Tom Synan, police chief in Newtown, Ohio, agrees with this strategy, saying many dealers are well aware of the dangers of heroin and the more-potent fentanyl. “In many cases, not only do they have prior knowledge, they are the ones helping to mix it,” he said. “To me that is more than just a street drug. You are intentionally fueling the addiction and giving [users] a product that is extremely dangerous and could cause their death, and you know it.”
The increasing trend of prosecuting drug dealers with homicide is gaining steam across the nation in the wake of the opioid epidemic. Under normal circumstances, if an individual in North Carolina is suspected of selling another person drugs, he or she would face drug charges and, if found guilty, would be sentenced to approximately five years in prison. However, if the dealer is convicted of murder in the second degree, it could mean life in prison.
Todd Williams, Buncombe County’s district attorney, explains how distributors of opioids could face second degree murder charges: “[It] basically goes to the malice component…second degree murder is the unlawful killing of another person with malice and the legislation has defined an opioid substance sold on the street as constituting that malice.”
What’s Considered Fair?
Many legal experts argue these drug death prosecutions are not only unfair, but probably unconstitutional. As Husak put it: “Heroin distributors are not murderers, and they’re not murderers when their customers die from an overdose.”
The National Criminal Justice Reference Service agreed in its report on the practice, Unconstitutional Fiction. “Regardless of the felony committed by a drug supplier, the act of supplying the drug does not legally cause a user’s overdose and death. Courts that use the rule [felony murder in drug prosecutions] violate the accused’s constitutional guarantee of due process of law by failing to prove the causation of the crime beyond a reasonable doubt.”
It’s not only causation that is problematic, but also intent. Felony murder charges (as distinct from manslaughter) require that intent be proved, legal experts say. Critics charge that politicians and prosecutors are trying to side-step intent with the new drug dealer liability laws.
Advocates and defense attorneys argue that prosecuting people for murder or manslaughter is unfair because the user is ultimately responsible for ingesting the substances. They also argue that “strict liability” is essentially a tool of civil, not criminal law. They say that except for vehicular manslaughter, it’s rare to prosecute someone for accidentally causing death.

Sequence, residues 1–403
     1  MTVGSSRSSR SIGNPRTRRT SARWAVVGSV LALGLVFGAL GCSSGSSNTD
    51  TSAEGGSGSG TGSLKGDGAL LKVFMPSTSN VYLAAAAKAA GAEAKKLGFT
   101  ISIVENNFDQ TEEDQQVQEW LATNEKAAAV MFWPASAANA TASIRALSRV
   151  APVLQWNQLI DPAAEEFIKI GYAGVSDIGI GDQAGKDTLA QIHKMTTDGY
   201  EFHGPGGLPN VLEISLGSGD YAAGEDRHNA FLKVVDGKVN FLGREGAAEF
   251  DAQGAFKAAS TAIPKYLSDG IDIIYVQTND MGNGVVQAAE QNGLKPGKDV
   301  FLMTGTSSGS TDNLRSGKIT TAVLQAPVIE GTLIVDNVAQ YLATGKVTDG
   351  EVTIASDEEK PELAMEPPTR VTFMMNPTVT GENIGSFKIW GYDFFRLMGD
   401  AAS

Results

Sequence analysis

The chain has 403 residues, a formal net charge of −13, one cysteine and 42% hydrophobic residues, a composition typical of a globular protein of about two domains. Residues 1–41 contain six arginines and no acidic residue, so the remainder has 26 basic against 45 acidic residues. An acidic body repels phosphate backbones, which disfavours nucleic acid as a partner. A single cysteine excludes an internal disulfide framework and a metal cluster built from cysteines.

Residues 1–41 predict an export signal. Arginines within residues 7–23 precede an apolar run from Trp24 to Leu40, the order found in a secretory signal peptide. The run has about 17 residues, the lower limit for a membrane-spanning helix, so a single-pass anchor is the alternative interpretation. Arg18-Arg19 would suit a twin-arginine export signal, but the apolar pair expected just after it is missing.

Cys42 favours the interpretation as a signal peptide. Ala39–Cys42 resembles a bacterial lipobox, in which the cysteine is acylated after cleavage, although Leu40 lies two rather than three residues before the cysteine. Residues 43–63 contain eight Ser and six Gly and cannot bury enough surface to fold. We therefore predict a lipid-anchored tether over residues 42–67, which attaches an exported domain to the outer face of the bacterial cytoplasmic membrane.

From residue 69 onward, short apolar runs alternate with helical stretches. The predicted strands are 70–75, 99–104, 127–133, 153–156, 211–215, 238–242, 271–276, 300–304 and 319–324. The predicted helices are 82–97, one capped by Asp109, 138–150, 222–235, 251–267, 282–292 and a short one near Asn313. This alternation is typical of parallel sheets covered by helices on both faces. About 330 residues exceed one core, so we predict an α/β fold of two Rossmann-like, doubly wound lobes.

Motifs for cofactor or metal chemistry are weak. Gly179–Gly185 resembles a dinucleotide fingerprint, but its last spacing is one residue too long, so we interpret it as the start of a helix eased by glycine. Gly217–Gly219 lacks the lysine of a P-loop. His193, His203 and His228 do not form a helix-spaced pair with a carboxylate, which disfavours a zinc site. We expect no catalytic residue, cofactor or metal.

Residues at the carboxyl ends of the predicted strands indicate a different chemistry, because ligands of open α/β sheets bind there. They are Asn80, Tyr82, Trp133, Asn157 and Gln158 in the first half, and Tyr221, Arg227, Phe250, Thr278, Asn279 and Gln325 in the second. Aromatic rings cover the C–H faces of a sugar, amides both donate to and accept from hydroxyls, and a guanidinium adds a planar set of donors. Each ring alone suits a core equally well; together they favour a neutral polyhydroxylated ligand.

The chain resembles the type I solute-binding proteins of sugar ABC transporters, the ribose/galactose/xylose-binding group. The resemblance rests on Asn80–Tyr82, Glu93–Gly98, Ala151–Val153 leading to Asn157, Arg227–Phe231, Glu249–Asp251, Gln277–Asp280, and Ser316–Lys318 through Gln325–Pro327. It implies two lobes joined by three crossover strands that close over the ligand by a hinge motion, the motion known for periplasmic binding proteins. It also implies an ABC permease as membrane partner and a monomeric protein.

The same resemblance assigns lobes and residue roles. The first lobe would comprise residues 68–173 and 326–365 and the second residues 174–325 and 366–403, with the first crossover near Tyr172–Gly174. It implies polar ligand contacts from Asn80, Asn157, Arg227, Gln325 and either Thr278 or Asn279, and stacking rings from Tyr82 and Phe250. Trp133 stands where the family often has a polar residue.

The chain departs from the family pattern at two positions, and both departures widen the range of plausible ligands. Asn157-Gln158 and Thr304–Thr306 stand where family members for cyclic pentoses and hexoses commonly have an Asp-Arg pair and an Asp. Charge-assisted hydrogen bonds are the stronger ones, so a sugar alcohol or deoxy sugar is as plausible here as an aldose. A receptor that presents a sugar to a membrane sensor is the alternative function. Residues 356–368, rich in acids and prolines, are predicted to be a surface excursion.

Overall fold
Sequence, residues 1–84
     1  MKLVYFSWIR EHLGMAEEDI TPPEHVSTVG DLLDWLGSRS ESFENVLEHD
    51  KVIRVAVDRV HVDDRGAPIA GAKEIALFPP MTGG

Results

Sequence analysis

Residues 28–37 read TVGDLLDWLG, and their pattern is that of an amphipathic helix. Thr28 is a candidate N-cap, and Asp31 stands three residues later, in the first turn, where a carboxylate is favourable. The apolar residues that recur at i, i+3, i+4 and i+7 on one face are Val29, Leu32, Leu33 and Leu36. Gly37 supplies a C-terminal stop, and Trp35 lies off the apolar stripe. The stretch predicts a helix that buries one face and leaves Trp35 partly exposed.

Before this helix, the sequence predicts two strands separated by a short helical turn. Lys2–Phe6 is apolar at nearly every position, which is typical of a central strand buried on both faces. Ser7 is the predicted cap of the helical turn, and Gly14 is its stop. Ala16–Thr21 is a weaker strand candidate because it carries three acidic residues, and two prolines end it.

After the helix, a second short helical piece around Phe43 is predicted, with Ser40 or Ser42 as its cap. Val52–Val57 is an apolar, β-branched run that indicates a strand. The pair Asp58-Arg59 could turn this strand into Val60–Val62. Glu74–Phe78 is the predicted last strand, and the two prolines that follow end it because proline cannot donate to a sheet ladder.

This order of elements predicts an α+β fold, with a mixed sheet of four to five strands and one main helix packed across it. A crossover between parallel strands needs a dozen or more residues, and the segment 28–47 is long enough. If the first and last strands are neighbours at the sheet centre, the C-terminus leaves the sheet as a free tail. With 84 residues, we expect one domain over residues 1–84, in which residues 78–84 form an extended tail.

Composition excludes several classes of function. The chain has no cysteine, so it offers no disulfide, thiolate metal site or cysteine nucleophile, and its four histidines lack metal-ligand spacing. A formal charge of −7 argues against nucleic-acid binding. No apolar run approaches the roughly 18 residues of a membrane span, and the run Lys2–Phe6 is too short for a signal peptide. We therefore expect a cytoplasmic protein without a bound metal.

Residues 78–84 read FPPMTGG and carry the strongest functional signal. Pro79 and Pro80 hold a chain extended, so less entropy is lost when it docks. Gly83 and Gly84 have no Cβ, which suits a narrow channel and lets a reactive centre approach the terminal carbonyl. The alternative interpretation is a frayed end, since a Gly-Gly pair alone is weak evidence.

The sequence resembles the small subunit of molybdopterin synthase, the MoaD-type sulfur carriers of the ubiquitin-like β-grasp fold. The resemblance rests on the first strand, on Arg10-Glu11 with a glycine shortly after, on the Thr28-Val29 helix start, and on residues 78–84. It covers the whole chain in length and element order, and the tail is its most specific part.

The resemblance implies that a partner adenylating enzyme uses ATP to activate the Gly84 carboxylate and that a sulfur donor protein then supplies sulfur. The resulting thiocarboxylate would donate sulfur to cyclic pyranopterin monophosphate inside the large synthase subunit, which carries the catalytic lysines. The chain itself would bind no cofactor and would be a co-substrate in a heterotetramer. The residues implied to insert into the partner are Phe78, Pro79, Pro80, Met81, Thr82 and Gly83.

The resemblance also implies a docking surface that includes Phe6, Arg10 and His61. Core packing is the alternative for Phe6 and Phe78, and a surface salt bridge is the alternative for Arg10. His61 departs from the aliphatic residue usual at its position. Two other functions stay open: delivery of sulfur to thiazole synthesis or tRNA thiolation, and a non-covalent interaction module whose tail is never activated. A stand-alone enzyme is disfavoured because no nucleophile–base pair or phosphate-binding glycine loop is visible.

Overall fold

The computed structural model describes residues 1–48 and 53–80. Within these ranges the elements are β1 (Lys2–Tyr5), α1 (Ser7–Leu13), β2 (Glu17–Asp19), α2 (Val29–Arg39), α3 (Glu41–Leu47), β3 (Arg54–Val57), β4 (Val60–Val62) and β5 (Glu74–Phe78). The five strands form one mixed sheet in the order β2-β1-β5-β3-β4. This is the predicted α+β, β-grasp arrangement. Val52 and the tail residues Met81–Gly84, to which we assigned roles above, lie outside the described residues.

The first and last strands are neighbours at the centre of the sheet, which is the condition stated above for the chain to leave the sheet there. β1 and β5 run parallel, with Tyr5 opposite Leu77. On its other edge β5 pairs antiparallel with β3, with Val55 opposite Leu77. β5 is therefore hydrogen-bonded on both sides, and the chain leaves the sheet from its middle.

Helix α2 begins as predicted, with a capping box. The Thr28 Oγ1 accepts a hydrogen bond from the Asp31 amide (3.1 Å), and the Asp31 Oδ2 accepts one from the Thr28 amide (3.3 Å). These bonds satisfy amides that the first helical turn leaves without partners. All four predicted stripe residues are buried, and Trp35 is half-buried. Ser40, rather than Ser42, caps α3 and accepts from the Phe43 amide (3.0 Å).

“We don’t prosecute people in this country for accidentally killing someone, no matter how horrific,” comments Houston-based defense lawyer Craig Washington. “Strict liability is for civil court, not criminal.”
But prosecutors argue that selling illegal drugs to someone who then overdoses is like driving while intoxicated and then killing someone.
Washington disagrees. He says the state must prove not only that the drugs sold by the dealer caused the death, but that the dealer must also be proven to have intended for the victim to die.
“First, the state must prove that the person died of an overdose and then be able to trace the drugs back to the client,” he said, describing a hypothetical defendant. “And what if my client sold his drugs to someone else, and that person either stepped on the drugs to make them stretch or laced the drugs with something to increase their potency, and that person sells the drugs to someone else who dies? How can my client be guilty of that person’s death?”
It can be said drug use and abuse is as American as apple pie, but there are different ways in which to respond. Will this return to the harsh drug policies of the 1980s work today? Punishing drug dealers then didn’t seem to stop the problem—will it do so now? It all comes down to an individual and the cravings and addictions they fight. The epidemic won’t end until the desire for such destructive drugs is a thing of the past.
For more information or to schedule a consultation, please contact Greene Wilson Crow & Smith by calling (252) 634-9400 or visiting nctriallawyers.com.
(Sources: North Carolina Department of Health and Human Services; The Washington Post; National Institute on Drug Abuse; Centers for Disease Control and Prevention; The County Compass; National Public Radio; AlterNet; The Virginian-Pilot; Citizen-Times; Ocracoke Observer; WGHP.com; WRAL.com; and WNCT.com.)